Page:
Michael S. Horton
Some interesting things have happened over the last 18 months to justify my sense that contemporary evangelicalism is literally unchurching the churched. Admittedly, it's an odd conclusion, but it is supported by a number of developments. Not only has there been a decline in the percentage of professions of faith in American churches during the megachurch era; numerous studies over the last few years have documented a massive decline in the knowledge of even the basics of Christian faith and practice among professing believers.
However, I never thought I would see the day when high-profile pastors and church leaders would justify this unfaithfulness. In 2007, the Willow Creek Association published its findings that the most highly committed Christians at Willow Creek Community Church (in the Chicago suburb of South Barrington) were most dissatisfied with their own personal growth and the ministry of their church. Expressing their concern for deeper instruction and richer worship, these respondents were the most likely to be ready to leave Willow Creek. The obvious conclusion drawn by the church's leadership was that the church becomes less important for personal growth as believers mature and they should be taught to become "self-feeders." Believers grow out of their dependence on the church's ministry the same way children outgrow their parents' supervision, the leadership concluded. Over this same period, church marketing expert George Barna wrote two books urging that we move beyond the organized church altogether and find our "spiritual resources" elsewhere, particularly through Internet "communities." He offered statistics to back up his triumphalistic claim that this is already happening. People need spiritual coaches, he insisted, but not the church.
In the summer of 2008, Baker released a book titled Quitting Church, by Washington Times journalist Julia Duin, pointing to a growing exodus from evangelical churches, just as many of their parents had left mainline Protestantism. According to Duin, the reasons many people gave for leaving include shallow preaching and teaching, trivial worship, and a lack of any real sense that it makes any difference.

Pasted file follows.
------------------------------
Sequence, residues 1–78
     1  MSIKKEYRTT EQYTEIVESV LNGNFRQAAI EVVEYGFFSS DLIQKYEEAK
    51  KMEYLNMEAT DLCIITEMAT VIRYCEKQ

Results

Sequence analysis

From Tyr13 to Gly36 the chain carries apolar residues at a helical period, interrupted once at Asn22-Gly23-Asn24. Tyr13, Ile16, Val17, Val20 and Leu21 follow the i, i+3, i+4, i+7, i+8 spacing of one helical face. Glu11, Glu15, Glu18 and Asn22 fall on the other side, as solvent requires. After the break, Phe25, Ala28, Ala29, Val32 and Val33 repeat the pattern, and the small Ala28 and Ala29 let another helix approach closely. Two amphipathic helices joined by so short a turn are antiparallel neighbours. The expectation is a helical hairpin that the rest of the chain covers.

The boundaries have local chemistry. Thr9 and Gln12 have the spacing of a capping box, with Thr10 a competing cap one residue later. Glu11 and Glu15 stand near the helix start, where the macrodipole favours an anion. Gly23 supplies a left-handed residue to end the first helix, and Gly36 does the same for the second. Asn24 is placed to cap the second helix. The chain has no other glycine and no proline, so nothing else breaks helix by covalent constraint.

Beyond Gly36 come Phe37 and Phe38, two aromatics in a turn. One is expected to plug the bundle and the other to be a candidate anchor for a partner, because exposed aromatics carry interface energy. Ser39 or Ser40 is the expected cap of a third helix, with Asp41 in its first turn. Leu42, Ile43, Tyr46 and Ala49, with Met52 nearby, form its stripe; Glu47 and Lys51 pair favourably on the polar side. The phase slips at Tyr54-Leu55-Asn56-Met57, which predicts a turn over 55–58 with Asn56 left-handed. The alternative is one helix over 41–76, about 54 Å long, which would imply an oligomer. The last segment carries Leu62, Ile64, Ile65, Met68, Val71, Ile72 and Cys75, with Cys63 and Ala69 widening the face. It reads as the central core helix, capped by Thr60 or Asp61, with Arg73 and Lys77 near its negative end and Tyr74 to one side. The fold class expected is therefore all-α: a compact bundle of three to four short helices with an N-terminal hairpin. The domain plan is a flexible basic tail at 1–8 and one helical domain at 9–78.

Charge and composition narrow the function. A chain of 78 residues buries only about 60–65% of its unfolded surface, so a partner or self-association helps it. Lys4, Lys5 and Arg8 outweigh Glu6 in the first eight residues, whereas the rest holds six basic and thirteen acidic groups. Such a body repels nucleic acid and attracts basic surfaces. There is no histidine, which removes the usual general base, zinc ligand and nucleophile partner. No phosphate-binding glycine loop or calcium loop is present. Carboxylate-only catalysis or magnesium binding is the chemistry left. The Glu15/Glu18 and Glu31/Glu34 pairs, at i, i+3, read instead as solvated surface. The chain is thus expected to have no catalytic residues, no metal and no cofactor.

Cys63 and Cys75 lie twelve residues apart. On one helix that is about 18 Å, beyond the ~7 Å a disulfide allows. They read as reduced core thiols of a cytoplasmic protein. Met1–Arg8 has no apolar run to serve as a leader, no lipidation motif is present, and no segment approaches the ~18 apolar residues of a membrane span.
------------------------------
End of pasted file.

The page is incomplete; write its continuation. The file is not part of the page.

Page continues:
Ironically, Willow Creek and Barna interpret the failure of churches as evidence of the need for the sheep to become their own shepherds, while Duin and numerous writers for secular newspapers recognize that this makes the church virtually irrelevant.
In my book, Christless Christianity, I argue that we are entering an era of zeal without knowledge, fervor without content, faith without an object, and a bland moralism that is always our default setting as sinners. No one has to teach us that we are basically good people who need a few good plans and maybe a good coach to help us save ourselves and our world. No one has to catechize us in self-centered spirituality. On the contrary, we have to be taught out of this natural religion by the Word and sacraments that Christ has ordained.
I do not expect schools like Westminster Seminary California—or the churches they serve—to thrive under these conditions. However, we do have Christ's promise that he will build his church, through his means, with his enduring presence to the end of the age. At a time when many seminaries are capitulating to the market forces and trading crucial tools of biblical exegesis for courses in appealing to niche demographics, it is more important than ever that those who demand fidelity to Scripture support institutions committed to training future pastors, missionaries, teachers, and evangelists for the future. Jesus asked Peter, "Do you love me?" and followed his disciple's affirmative answer with the command, "Feed my sheep." Sheep are not self-feeders, although many are having to find sustenance here and there wherever they can outside of the ordinary ministry of the church. Shepherds need first to be fed themselves and to be given the resources to find lush pastures for their flock. If we want more faithful shepherds, we need to be more willing than ever to contribute to their training—and the schools that train them—for a lifetime of ministry.